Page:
Large Scale & Commercial Rainwater Harvesting

Rainwater harvesting on a large or commercial scale is beginning to become increasingly important in the UK and the government has included legislation that new builds now have to take into account how they deal with ‘run-off’ water. The Code for Sustainable Homes also actively encourages the fitting of underground water tanks.

The technology for large commercial and industrial rainwater harvesting is the same for smaller installations, it’s simply the size and scale that is different.

Commercial Non-Pressurised Rainwater Harvesting System

Image courtesy of Stormsaver Ltd

Rainwater Harvesting in the UK

Whilst the UK has often been accused of being a little late in the rainwater harvesting arena compared to our neighbours in the rest of the world, more effort is beginning to be made with initiatives that promote water conservation and management particularly in large urban areas.

  • One of the most iconic and controversial buildings in London, the Millennium Dome, uses a water collection system to catch the run-off from its curved structure. With a surface area of 90,000 m² the water is collected through a gutter and is passed through a series of hoppers to the main storage system.
  • The Museum of London has also embraced the notion of large scale rainwater harvesting with its 850 m² roof and a 25,000 litre storage tank. They have also gone hi-tech, linking up the performance of the installation with their own building management system. The water is supplied to the toilets in the bar and theatre and used to irrigate their green roof.
  • The Olympics in London came to the rainwater harvesting party when the Velodrome was used for supplying the toilets and gardens. Half the 13,000 m² roof was used for water collection and reduced mains water usage by 40%.
  • At the Honda Dealership in Manchester a 30,000 litre tank was installed with a catchment roof area of 1,500 m² providing a water supply of around 85,000 litres a year and saving them nearly £1,700 in reduced mains charges.
  • The Imperial Tobacco Head Office in Bristol used its 2,700 m² roof to feed into a 32,000 litre tank that was used to supply its toilets, with an estimated saving of over a million litres a year.
  • In Rochdale, a large distribution area has taken to rainwater harvesting in a big way, saving a staggering 23 million litres a year. Three systems spread over the site were installed, creating a return on investment in just one year.


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Industrial and Commercial Rainwater Harvesting

The benefits to industry of a good commercial rainwater harvesting scheme are numerous and far reaching. Our industries use a large amount of water for their processes and the installation of an efficient system can help reduce their reliance on a mains supply by between 40 and 50%.

  • Rainwater harvesting now makes financial sense because companies can lock into the Enhanced Capital Allowance Scheme that provides funding for water efficient technologies.
  • It’s better for industrial machinery because rainwater is kinder than a treated mains supply of ‘harder’ water.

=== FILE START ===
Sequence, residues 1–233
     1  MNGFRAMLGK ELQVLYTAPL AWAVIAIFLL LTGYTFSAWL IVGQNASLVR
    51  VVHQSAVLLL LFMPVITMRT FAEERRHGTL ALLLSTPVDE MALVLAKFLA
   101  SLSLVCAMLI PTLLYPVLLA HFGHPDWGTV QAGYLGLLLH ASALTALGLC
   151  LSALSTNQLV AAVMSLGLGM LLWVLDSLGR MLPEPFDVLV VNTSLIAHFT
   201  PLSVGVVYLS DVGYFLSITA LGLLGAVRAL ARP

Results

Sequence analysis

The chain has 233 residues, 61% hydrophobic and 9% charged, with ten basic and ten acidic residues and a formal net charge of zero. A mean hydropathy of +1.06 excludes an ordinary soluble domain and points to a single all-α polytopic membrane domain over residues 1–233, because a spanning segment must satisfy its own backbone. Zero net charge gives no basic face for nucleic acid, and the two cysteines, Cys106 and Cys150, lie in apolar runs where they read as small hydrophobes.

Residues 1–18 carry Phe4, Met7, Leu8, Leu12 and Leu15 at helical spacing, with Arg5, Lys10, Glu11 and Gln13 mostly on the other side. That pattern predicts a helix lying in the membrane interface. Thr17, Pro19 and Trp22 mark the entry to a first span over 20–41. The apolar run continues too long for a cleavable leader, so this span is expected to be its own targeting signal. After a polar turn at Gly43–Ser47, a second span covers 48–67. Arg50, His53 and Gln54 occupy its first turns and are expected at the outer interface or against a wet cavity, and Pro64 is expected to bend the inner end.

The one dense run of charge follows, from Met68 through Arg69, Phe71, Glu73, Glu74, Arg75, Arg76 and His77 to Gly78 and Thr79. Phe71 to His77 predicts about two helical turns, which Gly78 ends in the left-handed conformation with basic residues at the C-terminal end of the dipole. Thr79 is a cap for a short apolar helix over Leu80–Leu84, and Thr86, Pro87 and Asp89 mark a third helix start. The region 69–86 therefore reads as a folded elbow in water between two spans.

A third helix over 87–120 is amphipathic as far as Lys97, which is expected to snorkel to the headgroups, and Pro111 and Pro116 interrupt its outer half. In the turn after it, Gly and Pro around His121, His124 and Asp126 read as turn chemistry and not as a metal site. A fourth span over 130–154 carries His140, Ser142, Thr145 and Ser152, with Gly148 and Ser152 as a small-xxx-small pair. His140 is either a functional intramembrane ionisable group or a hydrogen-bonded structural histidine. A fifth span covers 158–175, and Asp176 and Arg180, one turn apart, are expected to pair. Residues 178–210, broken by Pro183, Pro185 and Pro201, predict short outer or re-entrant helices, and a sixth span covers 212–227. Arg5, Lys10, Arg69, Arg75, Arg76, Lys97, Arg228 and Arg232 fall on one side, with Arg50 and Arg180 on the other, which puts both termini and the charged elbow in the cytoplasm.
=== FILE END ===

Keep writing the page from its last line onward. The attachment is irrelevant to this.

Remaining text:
• Most industrial and commercial premises have a large amount of roof space that can easily be converted to improve rainwater harvesting.
  • In the last 20 years, the average water bill for industrial premises has increased by almost 40% which means that significant savings can be made, now and in the future.
  • For commercial rainwater harvesting, larger sites tend to enjoy a quicker return on investment that makes it well worthwhile for industry and substantial commercial developments.

Large rainwater harvester

Rainwater Harvesting Across the World

As we live in a fairly temperate climate, the UK has come a little later to the benefits of rainwater harvesting than some other countries across the world.

  • With little in the way of land resources, Singapore has to make the most of what it gets. The majority of the population live in high rise blocks and many of these have been converted with rainwater harvesting on a grand scale. Individual collection systems are installed on flats to use as potable water.
  • The Ryogoku Kokugikan Arena in Tokyo uses its full 8,000 m² roof to serve a rainwater harvesting system, draining into a massive 1,000 cubic metre tank below the building. Japan has embraced rainwater harvesting technology on a large scale, introducing it to all their main buildings.
  • In Berlin they have gone for a collective approach at the DaimlerChrysler Potsdamer Platz. A combined roof top area of 32,000 m² collects rainwater off 19 buildings to provide potable water from a 3,500 cubic metre tank.

Discover some more international rainwater harvesting projects.

The Future of Rainwater Harvesting in the UK

The UK industry is beginning to grow, particularly in the commercial arena where the benefits are much greater and the chance of a return on investment over a short period is much more likely than in the domestic market. With increasing demand we can expect to see more innovation in the rainwater harvesting arena as we attempt to make the most of our dwindling resources.

Find out who manufacturers rainwater harvesting systems in the UK.

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